Diaries

My journey with conceiving: How my husband and I reconnected

August 25 , 2019
Decoding hope
A science fueled individual overpowered by the left side of the brain except where my right side takes over and writes this series!...More

Grief in the dictionary is defined as intense sorrow, especially caused by someone's death. Losing hope for me qualifies as a grim death. 

There are five stages of grief: denial, pain, anger, depression and finally acceptance. when my husband and I first started our IVF journey we made the conscious decision that this will not break us.

We had been married for one year at the time but had been in our committed relationship for 9 years (yes we were high school sweathearts), we knew or thought we knew that it was going to be difficult and challenging, but little did we know the heartbreak we would unfortunately experience.

After 11 round of IVF, one chemical pregnancy and one miscarriage, my husband and I ended up being at different stages of grief, this literally changed our whole dynamic, it created a huge wedge between us, I will not sugarcoat anything but I will say that things got tough, the only support system I had was temporarily gone and I felt completely lost! 

I would confide in my close circle but no matter how hard they tried they would never understand what it means, only he can, After all he was the one by my side at every Drs. appointment, blood test and heartbreaking phone call.

Something had to be done because the road ahead was looking very bleak, to be honest I don’t know what the trick was, I wish I had the magic answer, but it did take a decision, a decision that our relationship was number one, for both of us, no one or nothing else mattered, we learned to retake decisions together and that is what we did, we decided to travel.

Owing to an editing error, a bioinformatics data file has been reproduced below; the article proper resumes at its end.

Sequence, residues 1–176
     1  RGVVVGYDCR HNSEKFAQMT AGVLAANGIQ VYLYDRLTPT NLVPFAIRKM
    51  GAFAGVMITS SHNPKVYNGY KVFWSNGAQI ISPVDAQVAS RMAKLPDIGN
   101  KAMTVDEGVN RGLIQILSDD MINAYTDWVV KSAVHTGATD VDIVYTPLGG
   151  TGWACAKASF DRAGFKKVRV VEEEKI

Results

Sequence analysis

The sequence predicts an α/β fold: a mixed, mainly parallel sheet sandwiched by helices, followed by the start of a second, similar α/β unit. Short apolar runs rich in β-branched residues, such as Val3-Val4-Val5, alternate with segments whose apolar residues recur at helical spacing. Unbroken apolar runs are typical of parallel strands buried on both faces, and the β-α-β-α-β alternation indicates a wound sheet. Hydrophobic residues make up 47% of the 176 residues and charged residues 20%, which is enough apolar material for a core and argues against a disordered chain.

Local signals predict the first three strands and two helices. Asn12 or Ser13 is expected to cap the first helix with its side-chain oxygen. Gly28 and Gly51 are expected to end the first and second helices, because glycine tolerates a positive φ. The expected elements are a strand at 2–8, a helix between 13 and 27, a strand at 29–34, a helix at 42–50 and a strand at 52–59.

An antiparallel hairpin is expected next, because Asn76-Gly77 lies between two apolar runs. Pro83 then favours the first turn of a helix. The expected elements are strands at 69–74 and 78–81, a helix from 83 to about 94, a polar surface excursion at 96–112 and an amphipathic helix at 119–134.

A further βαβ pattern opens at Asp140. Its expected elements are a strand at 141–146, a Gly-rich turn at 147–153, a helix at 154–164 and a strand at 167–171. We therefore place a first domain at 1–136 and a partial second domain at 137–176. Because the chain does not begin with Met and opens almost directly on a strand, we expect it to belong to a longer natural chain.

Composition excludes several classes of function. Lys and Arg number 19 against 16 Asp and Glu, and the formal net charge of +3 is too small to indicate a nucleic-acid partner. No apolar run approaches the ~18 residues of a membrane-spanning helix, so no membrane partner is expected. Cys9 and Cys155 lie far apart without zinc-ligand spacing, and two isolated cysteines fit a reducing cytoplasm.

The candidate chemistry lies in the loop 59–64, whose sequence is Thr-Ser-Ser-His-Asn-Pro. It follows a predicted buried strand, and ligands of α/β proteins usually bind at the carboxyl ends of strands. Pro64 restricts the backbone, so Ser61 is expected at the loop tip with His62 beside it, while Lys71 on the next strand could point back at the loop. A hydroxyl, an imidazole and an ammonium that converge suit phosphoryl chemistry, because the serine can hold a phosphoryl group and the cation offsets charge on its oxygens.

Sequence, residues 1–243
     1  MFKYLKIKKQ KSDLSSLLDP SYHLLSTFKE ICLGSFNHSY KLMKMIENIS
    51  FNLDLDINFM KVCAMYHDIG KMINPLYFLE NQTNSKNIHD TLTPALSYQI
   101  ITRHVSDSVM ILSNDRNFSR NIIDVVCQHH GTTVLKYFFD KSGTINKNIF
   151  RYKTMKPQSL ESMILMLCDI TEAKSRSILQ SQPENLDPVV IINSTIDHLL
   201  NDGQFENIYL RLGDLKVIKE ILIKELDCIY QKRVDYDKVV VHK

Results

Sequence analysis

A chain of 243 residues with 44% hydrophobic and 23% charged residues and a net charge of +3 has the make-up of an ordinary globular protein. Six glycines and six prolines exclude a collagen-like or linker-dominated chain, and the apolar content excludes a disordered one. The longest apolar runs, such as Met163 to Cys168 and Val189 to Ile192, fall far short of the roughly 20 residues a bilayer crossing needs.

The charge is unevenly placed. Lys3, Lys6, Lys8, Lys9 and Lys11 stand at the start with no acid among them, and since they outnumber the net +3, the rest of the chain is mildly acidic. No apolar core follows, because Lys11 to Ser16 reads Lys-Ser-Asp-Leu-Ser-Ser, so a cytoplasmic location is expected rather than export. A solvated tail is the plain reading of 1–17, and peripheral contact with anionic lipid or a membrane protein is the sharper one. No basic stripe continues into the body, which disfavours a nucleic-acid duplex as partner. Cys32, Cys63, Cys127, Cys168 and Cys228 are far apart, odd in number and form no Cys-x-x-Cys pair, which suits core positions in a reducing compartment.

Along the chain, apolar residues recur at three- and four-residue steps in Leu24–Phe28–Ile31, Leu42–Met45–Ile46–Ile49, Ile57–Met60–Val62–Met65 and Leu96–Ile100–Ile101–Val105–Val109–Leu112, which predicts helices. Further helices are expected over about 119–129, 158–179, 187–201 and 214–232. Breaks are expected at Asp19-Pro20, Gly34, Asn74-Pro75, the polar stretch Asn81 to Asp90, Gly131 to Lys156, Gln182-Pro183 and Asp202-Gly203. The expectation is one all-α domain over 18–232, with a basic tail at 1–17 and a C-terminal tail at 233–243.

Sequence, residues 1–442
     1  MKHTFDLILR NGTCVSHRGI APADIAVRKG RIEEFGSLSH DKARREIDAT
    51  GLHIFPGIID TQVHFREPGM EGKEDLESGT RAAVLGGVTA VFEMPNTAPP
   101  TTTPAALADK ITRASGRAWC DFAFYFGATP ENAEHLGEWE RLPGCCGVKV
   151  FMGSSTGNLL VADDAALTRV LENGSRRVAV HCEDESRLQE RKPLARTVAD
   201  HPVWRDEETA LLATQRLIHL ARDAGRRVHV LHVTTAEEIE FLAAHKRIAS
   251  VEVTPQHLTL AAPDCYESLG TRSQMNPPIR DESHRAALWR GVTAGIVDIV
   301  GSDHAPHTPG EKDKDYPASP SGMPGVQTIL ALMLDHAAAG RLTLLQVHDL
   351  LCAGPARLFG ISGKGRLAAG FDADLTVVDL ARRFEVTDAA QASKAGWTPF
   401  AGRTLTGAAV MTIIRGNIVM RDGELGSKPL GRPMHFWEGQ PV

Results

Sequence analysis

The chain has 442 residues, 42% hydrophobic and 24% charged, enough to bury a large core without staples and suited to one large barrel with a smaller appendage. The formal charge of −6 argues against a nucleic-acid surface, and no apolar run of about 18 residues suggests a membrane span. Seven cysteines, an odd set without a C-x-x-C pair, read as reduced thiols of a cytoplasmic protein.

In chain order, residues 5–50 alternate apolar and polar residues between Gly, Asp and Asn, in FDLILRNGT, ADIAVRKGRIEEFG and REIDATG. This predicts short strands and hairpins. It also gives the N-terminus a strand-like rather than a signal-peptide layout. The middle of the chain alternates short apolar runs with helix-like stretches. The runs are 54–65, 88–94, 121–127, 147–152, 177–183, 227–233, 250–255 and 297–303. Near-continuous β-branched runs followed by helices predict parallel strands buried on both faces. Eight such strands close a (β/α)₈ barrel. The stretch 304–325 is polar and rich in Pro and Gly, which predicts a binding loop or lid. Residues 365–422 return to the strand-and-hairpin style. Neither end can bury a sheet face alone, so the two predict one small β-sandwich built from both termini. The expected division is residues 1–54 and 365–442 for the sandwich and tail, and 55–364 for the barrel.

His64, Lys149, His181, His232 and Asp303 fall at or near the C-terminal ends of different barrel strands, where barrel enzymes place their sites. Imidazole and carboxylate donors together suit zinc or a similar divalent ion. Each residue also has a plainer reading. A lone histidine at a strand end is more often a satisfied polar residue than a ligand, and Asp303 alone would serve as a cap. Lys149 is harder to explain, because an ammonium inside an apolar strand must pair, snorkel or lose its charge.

Whenever we traveled alone we automatically had our connection back, but this time we decided to venture out of our comfort zones and into what seemed as the unknown tours at the time

We had researched an IVF clinic in London and have been debating it for a while, we heard about the “miracle Dr.” handling the clinic and decided to give it a go, we packed our bags and took the leap, the fact that we took control of our lives united as a strong front gave us our mojo back.

We now feel stronger than ever; I am currently writing this article while gobbling up my 4 liters of water a day strict regimen at the cutest little garden next to our small London flat.

This experience has been the hardest to date, but in some strange way it feels like the easiest, my faith is stronger, my heart is beating harder and my support system is there to stay

Of course, It took and is still taking some serious self-reflection and working with a great psychologist to work things through. Now when I think about it, it’s normal to be at different levels and it’s not because we are not connected any more, it’s simply because we are different human beings 

You can’t compare the way you deal with a loss with anyone else in the world, not even your spouse, you can only appreciate what the other is going through but that’s about it, I am learning  the hard way that you can’t force an emotional reaction whether it be positive or negative on anyone else 

The only thing that you can do is just be there for each other, never forget to be each other’s support system, each other’s rock.

Somedays you might find yourself falling down a rabbit hole, You are left replaying a bad soundtrack of gut wrenching questions, trust me when I tell you that you are not alone, seeking help from your partner will make you both stronger, they say that the smartest way to get someone become closer to you is to ask them for help, don’t be afraid to be vulnerable as long as you are open for help when offered. Love will always be the answer to inner peace, love yourself, your partner and know that after every storm, there is a rainbow